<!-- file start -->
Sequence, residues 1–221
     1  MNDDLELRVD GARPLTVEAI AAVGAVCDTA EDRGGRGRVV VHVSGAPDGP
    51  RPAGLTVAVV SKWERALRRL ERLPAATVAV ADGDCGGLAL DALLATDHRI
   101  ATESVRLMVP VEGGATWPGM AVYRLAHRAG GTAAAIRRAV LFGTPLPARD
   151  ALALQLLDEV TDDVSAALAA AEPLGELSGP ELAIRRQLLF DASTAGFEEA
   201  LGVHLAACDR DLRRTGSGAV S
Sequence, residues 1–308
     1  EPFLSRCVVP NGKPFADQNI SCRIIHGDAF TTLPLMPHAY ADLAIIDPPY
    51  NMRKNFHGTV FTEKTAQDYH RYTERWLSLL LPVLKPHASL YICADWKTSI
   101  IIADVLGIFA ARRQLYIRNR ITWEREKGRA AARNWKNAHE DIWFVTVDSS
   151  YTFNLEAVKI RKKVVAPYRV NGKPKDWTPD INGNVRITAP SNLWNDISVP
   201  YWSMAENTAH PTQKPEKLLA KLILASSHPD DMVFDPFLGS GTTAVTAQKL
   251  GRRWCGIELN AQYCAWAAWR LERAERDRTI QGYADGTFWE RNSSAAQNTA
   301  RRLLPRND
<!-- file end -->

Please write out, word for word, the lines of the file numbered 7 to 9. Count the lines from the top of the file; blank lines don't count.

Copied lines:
Sequence, residues 1–308
     1  EPFLSRCVVP NGKPFADQNI SCRIIHGDAF TTLPLMPHAY ADLAIIDPPY
    51  NMRKNFHGTV FTEKTAQDYH RYTERWLSLL LPVLKPHASL YICADWKTSI